NOW you can find out!
During this installment, we will be talking shop with soprano saxophonist Jane Bunnett. Jane, who's based in Toronto, Canada is mostly known for her Afro Cuban explorations. Her most recent being with the Grammy-nominated group Maqueque; this being her fourth Grammy nomination in total. Jane has also won numerous Juno Awards, Jazz Journalists Awards, and has won both the Downbeat Critics and Readers polls in the Rising Star Flute categories.
So I am extremely grateful she was generous enough to take time from her busy schedule to talk shop with us.
Sam Newsome: Hi Jane, so let’s get down to business. What type of soprano saxophone do you play?
Jane Bunnett: I play a Selmer Mark VI.
SN: Is this something you settled on immediately or was it a lot of trial and error until you found one that worked for you?
JB: It was what Steve Lacy played. I wanted that!
SN: Say no more. If it’s good enough for Steve Almighty….
So what is your take on some of the newer, built-to-perfection sopranos played by saxophonists these days? Or do you resist the urge to experiment?
JB: A little. The newer horns are not made out of the same metal. You cannot compare them, in my opinion. Even if you can get around with the fingering, play faster, and it’s not as awkward, the sound is not there for me. I prefer a great sound, a warm sound. On the Mark VI you must work hard at the tuning, but still, the sound is great.
SN: I agree. And that seems to be a reoccurring sentiment with soprano saxophone specialists. We are willing to work hard for the sound. There’s certainly a no-pain-no-gain sound production philosophy that we seem to embrace.
What kind of setup do you play on? First, the mouthpiece.
JB: I had a metal Dave Guardala mouthpiece. I loved it! Played it for many years along with the ligature that came with it. Then the ligature rotted on the mouthpiece and fell apart. So I was looking for a long time for another. I used a Selmer ligature, and then it broke. The ultimate disaster came when the mouthpiece just went kaput! I did not have a backup. It was strange because I thought that my horn was broken. I went to the shop, tried different mouthpieces, and it sounded fine. The mouthpiece just bailed on me overnight. So I began the long road of looking for a new mouthpiece and ligature. Nothing was close. But I settled on a metal SR Technologies Soprano Legend mouthpiece, with a Selmer (Paris) silver plated ligature, with a medium La Voz reed.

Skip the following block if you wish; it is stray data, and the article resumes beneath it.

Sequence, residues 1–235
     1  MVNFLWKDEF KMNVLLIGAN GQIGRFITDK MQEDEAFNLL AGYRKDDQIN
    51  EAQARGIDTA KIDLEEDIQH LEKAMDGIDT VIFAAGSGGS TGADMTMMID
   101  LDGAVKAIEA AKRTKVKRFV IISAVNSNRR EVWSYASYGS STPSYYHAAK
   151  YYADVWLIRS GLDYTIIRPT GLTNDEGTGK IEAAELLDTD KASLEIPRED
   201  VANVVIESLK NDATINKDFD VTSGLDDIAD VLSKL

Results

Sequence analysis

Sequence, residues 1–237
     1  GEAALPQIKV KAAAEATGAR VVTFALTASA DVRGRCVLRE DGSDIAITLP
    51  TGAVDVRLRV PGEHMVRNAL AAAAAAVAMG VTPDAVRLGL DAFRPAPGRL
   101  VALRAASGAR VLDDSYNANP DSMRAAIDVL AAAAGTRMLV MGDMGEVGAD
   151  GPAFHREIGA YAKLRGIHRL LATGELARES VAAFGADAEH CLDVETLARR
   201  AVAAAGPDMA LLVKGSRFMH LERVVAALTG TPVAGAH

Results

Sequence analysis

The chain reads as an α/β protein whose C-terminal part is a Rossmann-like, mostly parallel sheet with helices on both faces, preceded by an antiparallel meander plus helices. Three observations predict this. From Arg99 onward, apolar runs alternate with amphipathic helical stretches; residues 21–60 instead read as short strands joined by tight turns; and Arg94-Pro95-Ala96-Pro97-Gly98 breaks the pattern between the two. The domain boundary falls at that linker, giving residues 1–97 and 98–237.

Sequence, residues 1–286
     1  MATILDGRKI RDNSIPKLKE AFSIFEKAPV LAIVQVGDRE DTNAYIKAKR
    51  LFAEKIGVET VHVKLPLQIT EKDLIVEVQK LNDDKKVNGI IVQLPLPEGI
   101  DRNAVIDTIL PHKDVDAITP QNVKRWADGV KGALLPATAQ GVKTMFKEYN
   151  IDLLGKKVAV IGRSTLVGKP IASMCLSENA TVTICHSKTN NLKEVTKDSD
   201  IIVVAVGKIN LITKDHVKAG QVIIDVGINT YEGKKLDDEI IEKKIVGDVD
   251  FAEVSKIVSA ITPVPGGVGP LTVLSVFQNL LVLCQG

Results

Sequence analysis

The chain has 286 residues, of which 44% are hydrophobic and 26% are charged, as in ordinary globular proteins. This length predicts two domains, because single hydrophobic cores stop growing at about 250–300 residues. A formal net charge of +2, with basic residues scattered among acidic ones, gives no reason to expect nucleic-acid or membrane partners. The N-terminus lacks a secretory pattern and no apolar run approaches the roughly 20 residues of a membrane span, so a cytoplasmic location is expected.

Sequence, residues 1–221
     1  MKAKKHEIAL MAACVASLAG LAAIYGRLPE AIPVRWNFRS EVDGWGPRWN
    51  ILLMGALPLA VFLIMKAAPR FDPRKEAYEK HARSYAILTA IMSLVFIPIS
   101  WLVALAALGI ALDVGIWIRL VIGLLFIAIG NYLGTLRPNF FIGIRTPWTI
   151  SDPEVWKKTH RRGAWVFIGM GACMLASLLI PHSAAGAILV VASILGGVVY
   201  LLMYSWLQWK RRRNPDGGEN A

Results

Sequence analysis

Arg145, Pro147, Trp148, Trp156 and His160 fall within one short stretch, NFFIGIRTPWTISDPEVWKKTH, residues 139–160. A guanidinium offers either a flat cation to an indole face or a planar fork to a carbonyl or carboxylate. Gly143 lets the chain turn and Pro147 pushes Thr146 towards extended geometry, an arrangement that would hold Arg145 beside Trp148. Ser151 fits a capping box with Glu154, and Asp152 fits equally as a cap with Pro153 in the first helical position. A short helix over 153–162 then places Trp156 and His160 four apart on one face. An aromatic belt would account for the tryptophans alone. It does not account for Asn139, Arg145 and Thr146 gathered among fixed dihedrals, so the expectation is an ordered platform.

Jane's SR Technologies "Legend" metal soprano mouthpiece
SN: I can certainly empathize with you. When something as integral to your sound as a mouthpiece or horn gives out on you, it’s as though an essential part of your musical identity disappears along with it.
So Jane, being someone who plays in a lot in large ensembles where projecting might be a challenge, do you ever have to resist the urge to switch to one of those high baffle mouthpieces that’s more easy blowing and projects more easily? Or maybe what you’re currently playing on gives you precisely what you need. And for the record, it doesn’t sound like you need to change a thing.
JB: I gotta just work with what I got!
SN: I think that’s the best way. Tinkering with your setup only hurdles you over issues, it doesn’t address them head-on.
Do you fiddle around with different types of ligatures, or do you just keep it simple? For me, I do notice a big difference in the beginning when I switch ligatures, but then the same issues seem to surface once I get used to it.
JB: Nope. I should experiment more, but I prefer to just work it out.
Jane's silver Selmer (Paris) soprano saxophone ligature
SN: If it ain’t broke, don’t fix it. That definitely works for me.
How about reeds?
You stated earlier that you play medium La Voz soprano reeds. Do you ever find that you alter your reed strength depending on the musical setting? For example, playing with Maqueque might demand a different kind of reed response than playing duo, as you did on Double Time with pianist Paul Bley— an excellent recording, by the way.
JB: Thanks, and no. Same old answer: same gear.
Jane's brand of reeds and strength
SN: Speaking of Steve Almighty. I know that you studied with Lacy. What lessons did you learn from him as far as sound, and maybe even setups?
JB: Sound is everything. Different sounds. Still, I do not experiment like you and Lacy. I should do more. But between all the stuff--composing, band-leading, administrative responsibilities, setting up--you just have to decide on what feels good, and work on it. I do not want to spend my time shopping around.
SN: That’s smart. You don’t want to create problems where none exist. Life is never stingy with giving us legitimate worries to agonize over.
Lastly, what’s new in the world of Jane Bunnett? I know you’ve been tearing up the road playing with Maqueque—your all-female group from Cuba. And congratulations on all of your success. It is indeed well deserved.
Do you have a new project on the horizon, or will you be releasing a follow-up Jane Bunnett & Maqueque CD?
JB: We have been doing a lot of touring--the USA, Brazil...The group has really developed into something special. And audiences love the vibe of the group. I think we are inspiring a lot of young women. And that was our intention from the get-go. The last CD, Oddara, our second, received a 2017 Grammy nomination. We are now working on our third CD, yet to be named. It will feature many young women artists that have been playing with us in our short history. The group was founded in 2013.
SN: That’s so inspiring.
JB: Thanks again for your interest. You are an inspiration to me with all that you do, too, Sam!
SN: It means a lot coming from you. And I really appreciate you taking the time to do this. All the best!